Elections Politics & Diplomacy Rule of Law
New Atlanticist March 22, 2024

Ahead of its presidential election, Senegal shows that democracy requires the rule of law

By James Storen and Annie (Yu-Lin) Lee

Senegal has long been viewed as a haven of democracy in West Africa. Since achieving independence from France in 1960, the country has held regular elections and remained under democratic rule. Senegal’s democratic stability is commendable, particularly considering that many of its neighbors—from Guinea to Burkina Faso—have all experienced military coups. The recent presidential election, however, has shown cracks in Senegal’s traditionally strong democracy. While elections are ultimately slated to continue after a period of uncertainty, the events in Senegal have uncovered larger issues related to the rule of law, a vital determinant in sustaining democracy.

In the past three years, Senegalese President Macky Sall and his ruling party have engaged in some practices that have strained the rule of law and judicial independence. Since 2021, more than one thousand protesters and journalists associated with opposition parties have been jailed, with human rights groups reporting abuses such as arrests without warrants and unfair trials. Moreover, the excessive use of force during protests has led to at least sixteen deaths.

Yet arrests and detention have played just one part in the increasingly complex puzzle. In early 2024, Senegal’s election authority, the Constitutional Council, disqualified top opposition candidates Ousmane Sonko and Karim Wade from the presidential election, citing a defamation charge for Sonko and dual citizenship status for Wade. Critics, however, labeled these rulings to be politically motivated attempts to disqualify opposition candidates. Sonko faced challenges at every turn, from logistical forms to a denied defamation appeal, while Wade had renounced his French citizenship. Despite the legal justifications from the Council, the struggles opposition parties faced in getting candidates on the ballot ignited pushback.

In response to perceived bias in the candidacy process, the parliament voted on February 5 to delay elections until December 2024. While Sall and the ruling party claimed the decision was aimed at allowing the Constitutional Council and legislature the chance to agree on who to include on the ballot, opposition members viewed this as a tactic to keep Sall in power longer and ensure a better election outcome for his party. This sweeping decision—made after opposition parliament members were forcibly removed from the National Assembly—was met with widespread criticism. Scholars cited clear violations of Senegal’s constitution, and civil unrest erupted.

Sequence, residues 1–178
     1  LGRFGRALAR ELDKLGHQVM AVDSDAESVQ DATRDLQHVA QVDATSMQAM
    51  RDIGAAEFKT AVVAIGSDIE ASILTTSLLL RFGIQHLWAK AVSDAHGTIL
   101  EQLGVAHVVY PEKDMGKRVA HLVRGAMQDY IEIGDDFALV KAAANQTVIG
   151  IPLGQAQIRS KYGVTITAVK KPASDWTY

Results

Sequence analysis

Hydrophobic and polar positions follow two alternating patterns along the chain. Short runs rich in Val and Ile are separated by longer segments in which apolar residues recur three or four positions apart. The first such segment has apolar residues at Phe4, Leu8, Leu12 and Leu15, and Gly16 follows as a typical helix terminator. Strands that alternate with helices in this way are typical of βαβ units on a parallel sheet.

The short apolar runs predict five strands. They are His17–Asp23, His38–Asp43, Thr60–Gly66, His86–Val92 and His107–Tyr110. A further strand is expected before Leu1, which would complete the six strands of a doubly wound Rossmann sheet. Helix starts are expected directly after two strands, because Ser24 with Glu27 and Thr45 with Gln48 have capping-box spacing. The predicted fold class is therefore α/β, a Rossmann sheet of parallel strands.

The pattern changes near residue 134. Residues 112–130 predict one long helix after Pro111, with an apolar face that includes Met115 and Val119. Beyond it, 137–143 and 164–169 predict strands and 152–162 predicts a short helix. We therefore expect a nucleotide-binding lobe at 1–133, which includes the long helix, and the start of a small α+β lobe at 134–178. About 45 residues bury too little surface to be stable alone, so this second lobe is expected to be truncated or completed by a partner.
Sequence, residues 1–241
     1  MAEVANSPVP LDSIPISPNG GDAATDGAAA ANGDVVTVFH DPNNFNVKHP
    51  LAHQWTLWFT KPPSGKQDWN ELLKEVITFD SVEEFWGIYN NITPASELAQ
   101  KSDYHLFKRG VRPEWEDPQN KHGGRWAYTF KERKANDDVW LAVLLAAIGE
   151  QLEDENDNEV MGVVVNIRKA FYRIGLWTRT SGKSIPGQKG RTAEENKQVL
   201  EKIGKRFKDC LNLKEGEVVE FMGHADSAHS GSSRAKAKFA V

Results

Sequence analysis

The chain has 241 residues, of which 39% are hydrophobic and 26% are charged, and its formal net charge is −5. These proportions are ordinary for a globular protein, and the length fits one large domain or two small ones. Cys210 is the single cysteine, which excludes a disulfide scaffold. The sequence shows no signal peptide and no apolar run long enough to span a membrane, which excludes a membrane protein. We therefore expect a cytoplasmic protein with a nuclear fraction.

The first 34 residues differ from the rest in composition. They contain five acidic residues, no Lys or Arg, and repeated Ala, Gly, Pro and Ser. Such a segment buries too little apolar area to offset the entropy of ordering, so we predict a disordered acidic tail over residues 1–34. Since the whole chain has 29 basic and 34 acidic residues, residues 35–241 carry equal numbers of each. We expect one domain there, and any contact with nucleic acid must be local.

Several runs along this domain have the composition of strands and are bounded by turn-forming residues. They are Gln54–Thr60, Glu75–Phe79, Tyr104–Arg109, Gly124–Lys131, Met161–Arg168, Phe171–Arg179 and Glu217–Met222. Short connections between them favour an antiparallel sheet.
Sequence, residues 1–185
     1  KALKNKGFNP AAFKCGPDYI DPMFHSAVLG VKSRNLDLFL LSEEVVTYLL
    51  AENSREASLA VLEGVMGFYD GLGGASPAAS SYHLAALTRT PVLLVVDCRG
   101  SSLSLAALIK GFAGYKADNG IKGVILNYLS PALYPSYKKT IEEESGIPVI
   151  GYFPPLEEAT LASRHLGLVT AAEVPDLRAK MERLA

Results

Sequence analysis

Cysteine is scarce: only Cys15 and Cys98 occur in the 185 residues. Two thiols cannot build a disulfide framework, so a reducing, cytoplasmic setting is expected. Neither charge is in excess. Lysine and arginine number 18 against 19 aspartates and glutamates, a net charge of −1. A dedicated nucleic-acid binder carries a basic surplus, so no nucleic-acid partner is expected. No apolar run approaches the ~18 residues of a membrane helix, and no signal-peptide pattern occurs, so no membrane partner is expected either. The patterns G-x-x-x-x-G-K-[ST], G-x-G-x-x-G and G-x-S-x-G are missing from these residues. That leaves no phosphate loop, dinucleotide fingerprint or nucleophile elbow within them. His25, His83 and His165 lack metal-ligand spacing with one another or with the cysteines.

Senegal’s legal issues come as a surprise considering the country’s history as a stable and promising democracy. In the Freedom and Prosperity Indexes, Senegal has scored above the global average in the overall Freedom Index as well as the political and legal subindexes. Senegal has been particularly strong in judicial independence and effectiveness. One of the five indicators in the legal subindex, judicial independence and effectiveness measures the degree to which laws are respected and whether violations are dealt with in a fair manner. Senegal has consistently scored highly in this metric, progressing toward the levels of the world’s freest countries. In 2021, however, the country’s score began decreasing, suffering the effects of the increasingly hostile practices toward political opposition.

The recent practices observed in Senegal, including election postponements, pretrial detentions, and disqualified opposition candidates, undermine the rule of law and erode public trust in the government. Indispensable for a flourishing and fair society, the rule of law shields citizens from government overreach and ensures an equitable process without favoritism. A lack of the rule of law leads to declining trust in government, which in turn may develop a vicious cycle of radicalization and create a disillusioned generation alienated from electoral politics.

Despite the concerns, there are signs of democratic resilience. On February 15, the Constitutional Council overturned the decree to postpone the election indefinitely. Shortly after, Sall and the parliament rescheduled the election for March 24. Moreover, more than three hundred prisoners arrested during demonstrations were released. A glimmer of hope is present for opposition politics as well. Though Sonko remains disqualified, his hand-picked alternative, the previously jailed Bassirou Diomaye Faye, was released from prison and will be permitted to run. With the date and candidates set, Senegalese citizens can now turn their attention toward the upcoming election.

But democracy requires more than just elections. It requires an independent judiciary and strong rule of law for its sustainment. As the Freedom and Prosperity Indexes show, Senegal has long scored high in democracy rankings. In a year with the highest election turnover in history, watchdogs and stakeholders may take solace in the fact that the democratic process in Senegal was eventually able to proceed. But the country’s underlying concerns on political violence and a leader reluctant to release power remain a challenge. For Senegal to truly cement its status as a haven of democracy, the country must prioritize judicial independence and the rule of law, ensuring that elections and transfers of power are fair and peaceful.

James Storen is the program assistant for the Freedom and Prosperity Center.

Annie (Yu-Lin) Lee is a young global professional in the Freedom and Prosperity Center.

Further reading

Image: Senegalese presidential candidate Anta Babacar cheers her supporters during her electoral campaign caravan in Thiaroye on the outskirts of Dakar, Senegal March 10, 2024.REUTERS/ Zohra Bensemra